Shake It Like A Salt Shaker: Race, Gender, and Sexuality in New Orleans Bounce Culture
A subgenre of hip hop born in New Orleans, bounce was at first almost entirely produced and consumed by members of the Black community, both heterosexual and gay. In the last decade, however, bounce has developed a new local white audience. Its participants now represent a diverse cross-section not only of genders and sexual preferences, but also of race[s]. As a result, the landscape of bounce culture has begun to change. Through in-person interviews, ethnography, and personal narratives, this dissertation explores these changes. My research examines, in particular, the complexities that arise when white audiences consume and participate in a Black art form like bounce.
I explore the purpose bounce serves for its full range of participants--the people who actually listen to, dance to, and identify with it. Specifically, I look at the role played by race, gender, and sexuality in the way bounce fans--Black and white, gay and heterosexual--use both music and dance to express parts of their identity and their relationship to New Orleans. In doing so, I present a thorough analysis of the female style of bounce dancing in order to illustrate how women and gay men, both Black and white, are empowered and liberated by a style of dance that outsiders regard as hypersexual.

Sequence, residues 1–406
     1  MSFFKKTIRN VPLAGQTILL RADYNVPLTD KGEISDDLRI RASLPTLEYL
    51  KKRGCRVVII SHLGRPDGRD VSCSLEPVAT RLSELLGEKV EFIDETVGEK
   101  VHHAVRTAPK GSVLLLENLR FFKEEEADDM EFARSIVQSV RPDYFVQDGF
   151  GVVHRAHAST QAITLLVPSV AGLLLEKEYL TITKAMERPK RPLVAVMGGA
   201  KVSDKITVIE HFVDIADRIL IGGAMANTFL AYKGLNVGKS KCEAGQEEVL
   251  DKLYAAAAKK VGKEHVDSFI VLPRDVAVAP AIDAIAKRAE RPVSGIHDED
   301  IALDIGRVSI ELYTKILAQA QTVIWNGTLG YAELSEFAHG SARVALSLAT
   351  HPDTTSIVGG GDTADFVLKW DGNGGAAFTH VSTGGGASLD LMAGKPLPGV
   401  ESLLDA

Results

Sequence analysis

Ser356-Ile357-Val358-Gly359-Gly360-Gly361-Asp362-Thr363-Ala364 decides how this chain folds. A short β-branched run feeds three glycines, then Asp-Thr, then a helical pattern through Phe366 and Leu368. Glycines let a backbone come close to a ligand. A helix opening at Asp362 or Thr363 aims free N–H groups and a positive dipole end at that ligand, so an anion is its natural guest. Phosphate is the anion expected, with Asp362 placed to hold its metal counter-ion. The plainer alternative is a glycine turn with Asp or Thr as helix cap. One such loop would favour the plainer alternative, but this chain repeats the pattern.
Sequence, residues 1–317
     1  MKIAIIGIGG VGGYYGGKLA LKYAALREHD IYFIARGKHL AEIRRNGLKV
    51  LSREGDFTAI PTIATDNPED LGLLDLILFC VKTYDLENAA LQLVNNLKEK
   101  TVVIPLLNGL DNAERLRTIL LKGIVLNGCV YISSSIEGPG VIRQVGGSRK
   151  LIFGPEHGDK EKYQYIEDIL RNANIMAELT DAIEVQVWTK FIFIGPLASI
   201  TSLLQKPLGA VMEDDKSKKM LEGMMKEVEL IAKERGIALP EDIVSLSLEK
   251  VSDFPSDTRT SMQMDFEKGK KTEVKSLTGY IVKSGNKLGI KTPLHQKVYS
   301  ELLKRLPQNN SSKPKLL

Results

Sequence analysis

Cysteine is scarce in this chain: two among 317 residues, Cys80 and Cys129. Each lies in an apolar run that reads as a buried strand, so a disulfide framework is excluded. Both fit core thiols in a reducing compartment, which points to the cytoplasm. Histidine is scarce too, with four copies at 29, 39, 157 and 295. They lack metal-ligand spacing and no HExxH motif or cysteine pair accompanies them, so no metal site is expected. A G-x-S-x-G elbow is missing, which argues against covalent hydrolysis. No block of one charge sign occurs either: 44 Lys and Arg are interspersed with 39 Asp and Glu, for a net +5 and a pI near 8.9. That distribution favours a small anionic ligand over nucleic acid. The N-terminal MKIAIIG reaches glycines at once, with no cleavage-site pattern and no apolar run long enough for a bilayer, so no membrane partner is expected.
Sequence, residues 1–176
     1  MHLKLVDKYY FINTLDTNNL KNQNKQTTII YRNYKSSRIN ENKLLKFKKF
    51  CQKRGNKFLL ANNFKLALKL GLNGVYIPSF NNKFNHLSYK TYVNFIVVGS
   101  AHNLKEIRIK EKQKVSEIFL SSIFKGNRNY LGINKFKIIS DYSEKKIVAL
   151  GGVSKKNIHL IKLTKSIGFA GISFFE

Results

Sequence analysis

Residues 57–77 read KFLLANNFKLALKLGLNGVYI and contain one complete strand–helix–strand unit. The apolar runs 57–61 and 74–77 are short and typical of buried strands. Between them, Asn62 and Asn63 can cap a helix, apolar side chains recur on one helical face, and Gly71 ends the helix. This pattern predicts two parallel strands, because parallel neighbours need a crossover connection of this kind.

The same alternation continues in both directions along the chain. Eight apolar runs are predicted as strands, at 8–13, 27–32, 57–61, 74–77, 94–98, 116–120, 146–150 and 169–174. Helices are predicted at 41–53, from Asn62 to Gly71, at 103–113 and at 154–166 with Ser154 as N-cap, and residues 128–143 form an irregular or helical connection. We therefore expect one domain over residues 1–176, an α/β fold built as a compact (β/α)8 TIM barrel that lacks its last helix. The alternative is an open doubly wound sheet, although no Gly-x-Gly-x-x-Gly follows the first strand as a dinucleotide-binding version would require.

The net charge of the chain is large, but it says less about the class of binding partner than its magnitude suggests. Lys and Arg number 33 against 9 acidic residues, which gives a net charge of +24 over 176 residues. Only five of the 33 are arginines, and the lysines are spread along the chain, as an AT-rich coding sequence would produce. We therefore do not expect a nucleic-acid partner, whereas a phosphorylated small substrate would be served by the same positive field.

Even though bounce culture presents an invaluable research opportunity for multiple fields of study, only one publication to date has addressed bounce at any length. This project expands previous research not only by addressing the topic of dance in detail, but also by highlighting how audiences, as much as music producers, engage in shaping and producing both the music and dance. Ultimately, my research demonstrates that an inquiry into bounce culture is critical to the broader discussions regarding race, gender, and sexuality.